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Peter Marlton: The Power of Love

I’ve been a public defender in Seattle for twenty-two years, tried many adult and juvenile cases, and negotiated plea agreements more times that I can count. There’s no question the criminal justice system in the U.S. is broken, particularly when it comes to disturbing disparities in charges and sentencing, with Blacks and Latinos routinely receiving much longer sentences than white offenders. But in an important respect, over the last seventeen years the criminal justice system has made a few leaps forward with respect to sentencing juveniles. In 2005 the Supreme Court in Roper v. Simmons decided that executing juveniles amounts to cruel and unusual punishment under the Eight Amendment to the Constitution. In 2010 they decided in Graham v. Florida that sentencing a juvenile to life without parole for a non-homicidal crime violates the Eighth Amendment. Finally, in Miller v. Alabama in 2012, they decided that mandatory sentences of life without parole for a juvenile is unconstitutional. (It is worth noting that most, if not all, European countries eliminated sentences like these decades ago.)

All three of these Supreme Court cases are based on thirty-plus years of extensive research in brain development, which, to oversimplify for the purposes of this blog, find that the brain doesn’t fully mature until age twenty-five. Kids’ decisions can be impulsive, irrational, and self-destructive, among other things. This appears to be especially true of kids who grow up in abusive environments. Culpability is reduced.

Another promising advance is in the oversight of juvenile detention facilities, at least in California. While they are ostensibly obliged to focus on rehabilitation, for decades these facilities were not much more than warehouses. Prison environments had everything to do with punishment and nothing to do with rehabilitation. In the 1970s it appears there was virtually no oversight at all.

My novel, Eternal Graffiti, is part truncated autobiography. Seventeen-year-old Owen Kilroy is arrested and sent to a juvenile prison in California. It is not as bad as many others, but it’s bad enough. These chapters are based on my arrest for possession of LSD in San Francisco when I was fifteen and for being incorrigible. After spending time in juvenile hall, I was sent away to a place in Northern California much like the one in the book. It wasn’t officially a prison, but it might as well have been. The probation department’s and the judge’s reasoning behind the choice to send me there was to get me away from the San Francisco drug scene—they believed drugs were responsible for me failing eighth and ninth grade and being out of control. (There was some truth to that.) But from the first day I arrived at the facility until the last, all I did was get high. I had easier access to drugs than I ever had on the street. Five months later I escaped. In early drafts of the novel, I wrote quite a bit more about my experiences there (in one draft 76 pages) but reduced it to what I consider to be the essence of the experience.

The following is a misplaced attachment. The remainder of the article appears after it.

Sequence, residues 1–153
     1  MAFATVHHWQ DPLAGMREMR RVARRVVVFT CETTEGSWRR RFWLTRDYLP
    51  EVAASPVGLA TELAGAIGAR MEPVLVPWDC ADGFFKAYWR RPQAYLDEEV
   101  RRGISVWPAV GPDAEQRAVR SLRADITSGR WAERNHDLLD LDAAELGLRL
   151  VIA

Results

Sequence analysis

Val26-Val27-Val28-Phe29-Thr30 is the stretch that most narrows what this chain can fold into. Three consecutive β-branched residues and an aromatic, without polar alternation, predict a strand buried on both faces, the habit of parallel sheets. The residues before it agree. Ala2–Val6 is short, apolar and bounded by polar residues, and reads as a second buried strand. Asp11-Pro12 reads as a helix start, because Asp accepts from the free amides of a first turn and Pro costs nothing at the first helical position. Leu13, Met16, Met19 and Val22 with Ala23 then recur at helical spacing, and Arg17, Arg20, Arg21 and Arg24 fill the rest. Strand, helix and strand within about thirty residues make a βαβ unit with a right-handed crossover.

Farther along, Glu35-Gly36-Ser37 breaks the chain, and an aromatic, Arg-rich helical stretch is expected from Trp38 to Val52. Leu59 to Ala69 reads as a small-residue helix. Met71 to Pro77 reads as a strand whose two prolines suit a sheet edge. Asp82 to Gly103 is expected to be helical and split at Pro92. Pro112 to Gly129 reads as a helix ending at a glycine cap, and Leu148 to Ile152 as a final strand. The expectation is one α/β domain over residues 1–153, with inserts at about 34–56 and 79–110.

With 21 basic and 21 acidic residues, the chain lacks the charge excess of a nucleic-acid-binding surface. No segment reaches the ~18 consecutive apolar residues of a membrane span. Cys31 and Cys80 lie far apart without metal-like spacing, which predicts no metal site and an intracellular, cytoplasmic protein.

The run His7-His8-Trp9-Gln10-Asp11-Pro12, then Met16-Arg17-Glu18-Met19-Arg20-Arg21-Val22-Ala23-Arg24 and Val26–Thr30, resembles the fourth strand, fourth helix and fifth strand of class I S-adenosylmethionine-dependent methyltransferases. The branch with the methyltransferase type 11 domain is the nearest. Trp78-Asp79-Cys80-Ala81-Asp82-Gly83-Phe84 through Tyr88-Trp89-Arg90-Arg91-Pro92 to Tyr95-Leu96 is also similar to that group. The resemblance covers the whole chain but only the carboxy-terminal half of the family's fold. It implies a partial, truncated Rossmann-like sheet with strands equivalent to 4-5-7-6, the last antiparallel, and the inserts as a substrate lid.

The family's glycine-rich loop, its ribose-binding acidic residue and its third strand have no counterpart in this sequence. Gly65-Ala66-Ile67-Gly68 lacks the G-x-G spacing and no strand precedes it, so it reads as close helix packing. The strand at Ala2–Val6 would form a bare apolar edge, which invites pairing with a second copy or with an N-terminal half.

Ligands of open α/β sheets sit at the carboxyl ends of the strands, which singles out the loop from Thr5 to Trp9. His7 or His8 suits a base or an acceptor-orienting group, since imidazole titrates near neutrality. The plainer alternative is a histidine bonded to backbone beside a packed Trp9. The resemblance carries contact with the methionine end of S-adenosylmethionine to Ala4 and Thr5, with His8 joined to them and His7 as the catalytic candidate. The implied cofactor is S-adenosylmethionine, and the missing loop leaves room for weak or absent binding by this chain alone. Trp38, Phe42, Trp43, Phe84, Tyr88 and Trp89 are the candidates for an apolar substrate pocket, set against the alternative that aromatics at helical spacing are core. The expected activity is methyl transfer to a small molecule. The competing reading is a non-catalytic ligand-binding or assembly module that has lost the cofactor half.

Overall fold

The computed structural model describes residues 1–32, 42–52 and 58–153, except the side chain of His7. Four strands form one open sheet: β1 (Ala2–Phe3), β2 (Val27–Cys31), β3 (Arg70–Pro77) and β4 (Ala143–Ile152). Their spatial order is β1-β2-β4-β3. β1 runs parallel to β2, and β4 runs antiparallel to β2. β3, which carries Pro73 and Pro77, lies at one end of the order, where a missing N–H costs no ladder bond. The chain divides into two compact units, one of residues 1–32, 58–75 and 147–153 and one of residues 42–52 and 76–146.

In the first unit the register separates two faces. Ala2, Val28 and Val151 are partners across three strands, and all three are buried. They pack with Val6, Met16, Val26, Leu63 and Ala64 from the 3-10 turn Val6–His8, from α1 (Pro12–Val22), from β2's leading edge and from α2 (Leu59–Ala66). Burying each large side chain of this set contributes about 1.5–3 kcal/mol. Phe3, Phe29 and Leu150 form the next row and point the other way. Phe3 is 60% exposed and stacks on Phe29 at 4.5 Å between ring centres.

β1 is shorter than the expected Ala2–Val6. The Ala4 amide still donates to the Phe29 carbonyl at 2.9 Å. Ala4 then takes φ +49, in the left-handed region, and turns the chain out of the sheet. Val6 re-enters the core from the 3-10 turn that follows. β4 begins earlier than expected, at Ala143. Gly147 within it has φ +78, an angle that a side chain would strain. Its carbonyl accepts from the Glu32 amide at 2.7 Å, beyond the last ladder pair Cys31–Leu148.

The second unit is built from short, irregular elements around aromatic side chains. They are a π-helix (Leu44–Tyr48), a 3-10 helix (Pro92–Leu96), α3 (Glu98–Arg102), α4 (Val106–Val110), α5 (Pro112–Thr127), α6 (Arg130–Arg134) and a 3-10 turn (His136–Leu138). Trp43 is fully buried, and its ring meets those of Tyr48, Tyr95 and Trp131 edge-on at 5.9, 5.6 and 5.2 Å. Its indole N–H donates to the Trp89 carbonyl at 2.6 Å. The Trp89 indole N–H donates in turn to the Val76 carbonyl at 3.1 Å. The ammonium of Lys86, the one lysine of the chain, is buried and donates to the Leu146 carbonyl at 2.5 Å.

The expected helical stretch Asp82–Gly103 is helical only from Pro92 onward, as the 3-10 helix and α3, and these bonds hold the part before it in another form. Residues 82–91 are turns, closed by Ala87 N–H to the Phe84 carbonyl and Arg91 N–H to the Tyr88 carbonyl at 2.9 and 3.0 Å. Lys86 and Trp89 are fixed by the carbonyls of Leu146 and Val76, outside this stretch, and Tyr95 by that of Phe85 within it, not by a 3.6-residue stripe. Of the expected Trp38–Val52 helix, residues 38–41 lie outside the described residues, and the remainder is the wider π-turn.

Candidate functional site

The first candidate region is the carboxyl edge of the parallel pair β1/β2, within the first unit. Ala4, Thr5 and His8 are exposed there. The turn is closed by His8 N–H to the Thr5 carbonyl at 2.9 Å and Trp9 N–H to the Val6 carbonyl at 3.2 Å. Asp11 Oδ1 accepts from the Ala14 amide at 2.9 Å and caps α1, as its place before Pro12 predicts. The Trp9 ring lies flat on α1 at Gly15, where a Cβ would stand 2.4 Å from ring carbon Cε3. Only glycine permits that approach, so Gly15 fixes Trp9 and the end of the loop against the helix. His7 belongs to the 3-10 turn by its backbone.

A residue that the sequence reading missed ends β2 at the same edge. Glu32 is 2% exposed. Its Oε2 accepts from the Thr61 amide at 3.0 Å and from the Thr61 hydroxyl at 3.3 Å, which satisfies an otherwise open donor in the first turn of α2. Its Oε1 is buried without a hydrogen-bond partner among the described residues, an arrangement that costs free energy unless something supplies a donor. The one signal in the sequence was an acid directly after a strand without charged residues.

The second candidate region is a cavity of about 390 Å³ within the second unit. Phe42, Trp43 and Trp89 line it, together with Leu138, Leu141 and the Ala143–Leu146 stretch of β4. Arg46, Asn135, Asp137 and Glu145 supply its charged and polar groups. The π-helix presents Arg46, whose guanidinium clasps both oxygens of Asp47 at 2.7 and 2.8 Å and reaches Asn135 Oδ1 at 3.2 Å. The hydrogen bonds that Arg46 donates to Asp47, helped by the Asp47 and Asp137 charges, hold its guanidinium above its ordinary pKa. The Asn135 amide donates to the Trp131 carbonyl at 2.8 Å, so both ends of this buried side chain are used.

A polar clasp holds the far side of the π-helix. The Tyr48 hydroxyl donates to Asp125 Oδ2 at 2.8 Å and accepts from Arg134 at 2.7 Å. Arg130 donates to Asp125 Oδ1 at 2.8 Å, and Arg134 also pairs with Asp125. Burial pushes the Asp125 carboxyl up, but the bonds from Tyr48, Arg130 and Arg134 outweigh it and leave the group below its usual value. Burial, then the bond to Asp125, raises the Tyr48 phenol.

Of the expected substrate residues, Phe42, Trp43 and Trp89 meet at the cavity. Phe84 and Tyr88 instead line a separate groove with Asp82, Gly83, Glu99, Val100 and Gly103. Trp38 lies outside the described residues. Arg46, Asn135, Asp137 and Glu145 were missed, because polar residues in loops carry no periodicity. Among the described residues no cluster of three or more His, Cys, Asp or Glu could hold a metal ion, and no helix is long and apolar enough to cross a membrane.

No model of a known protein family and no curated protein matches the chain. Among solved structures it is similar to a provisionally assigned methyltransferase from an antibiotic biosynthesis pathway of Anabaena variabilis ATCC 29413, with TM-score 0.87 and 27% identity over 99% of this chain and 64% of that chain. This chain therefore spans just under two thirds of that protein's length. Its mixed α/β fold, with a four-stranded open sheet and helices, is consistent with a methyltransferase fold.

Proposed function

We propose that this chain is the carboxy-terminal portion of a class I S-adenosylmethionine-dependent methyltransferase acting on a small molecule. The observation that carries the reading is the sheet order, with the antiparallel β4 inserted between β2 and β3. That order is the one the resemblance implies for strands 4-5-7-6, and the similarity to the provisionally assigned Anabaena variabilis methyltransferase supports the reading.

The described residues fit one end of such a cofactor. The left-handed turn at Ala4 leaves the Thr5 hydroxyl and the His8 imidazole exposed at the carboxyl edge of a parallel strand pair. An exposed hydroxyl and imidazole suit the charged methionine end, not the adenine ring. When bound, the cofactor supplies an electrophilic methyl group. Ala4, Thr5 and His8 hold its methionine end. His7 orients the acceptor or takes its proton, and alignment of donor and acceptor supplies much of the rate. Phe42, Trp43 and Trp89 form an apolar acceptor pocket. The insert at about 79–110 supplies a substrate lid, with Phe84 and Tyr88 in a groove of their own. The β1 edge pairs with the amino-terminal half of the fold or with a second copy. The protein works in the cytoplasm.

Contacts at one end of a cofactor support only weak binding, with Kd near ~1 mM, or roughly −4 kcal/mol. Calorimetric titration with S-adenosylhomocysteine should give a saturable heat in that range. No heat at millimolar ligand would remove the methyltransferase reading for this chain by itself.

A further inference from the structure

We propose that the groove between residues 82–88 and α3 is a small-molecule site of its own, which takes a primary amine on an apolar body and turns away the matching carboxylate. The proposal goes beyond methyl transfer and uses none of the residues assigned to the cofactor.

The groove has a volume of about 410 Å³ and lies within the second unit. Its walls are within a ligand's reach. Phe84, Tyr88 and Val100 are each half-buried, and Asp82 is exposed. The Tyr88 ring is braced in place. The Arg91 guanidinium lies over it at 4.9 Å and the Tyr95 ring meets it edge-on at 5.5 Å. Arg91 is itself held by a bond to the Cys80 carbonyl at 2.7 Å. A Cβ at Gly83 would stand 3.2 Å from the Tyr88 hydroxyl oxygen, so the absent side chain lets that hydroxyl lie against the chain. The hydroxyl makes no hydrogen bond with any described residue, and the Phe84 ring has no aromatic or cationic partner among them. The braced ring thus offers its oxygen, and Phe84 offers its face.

After my escape I ended up back in juvenile hall. I spent the next two years in a boys home in L.A., run by an extraordinary man, a Black former preacher – I’ll call him Bob -- who spent every day doing everything he could to help turn our lives around, whether you’d stolen cars, robbed people, burglarized houses, or even committed murder. He took an interest in us and in me and his help and advice made all the difference. He was the father I never had. But for him, I probably wouldn’t be writing this.

As a public defender I have represented hundreds of kids in trouble. I see myself in many of them, kids who can have successful, crime-free futures if they are shown the love and care they deserve and are taught basic living skills. It was Bob who did this for me. For Owen it is through the love of his soulmate, Kiera, a young woman with an entirely different history, that he finds a new, better life.

The power of love ought not be underestimated even, or perhaps especially, for kids who’ve gotten themselves in deep trouble. While this doesn’t always succeed and isn’t the message of the novel, it may come through as something to think about.


About the Author...

Peter Marlton is the pseudonym for Pete MacDonald, who has discovered that writing fiction under another name can be psychologically and artistically liberating—it somehow skirts, without wholly avoiding, the imposter syndrome. Stories and essays published as Pete MacDonald have appeared in The New York Times, The Battered Suitcase (a novella), Inkwell Journal, Barrellhouse Magazine, and others. His original screenplay was a finalist in the Austin Screenwriting Competition.



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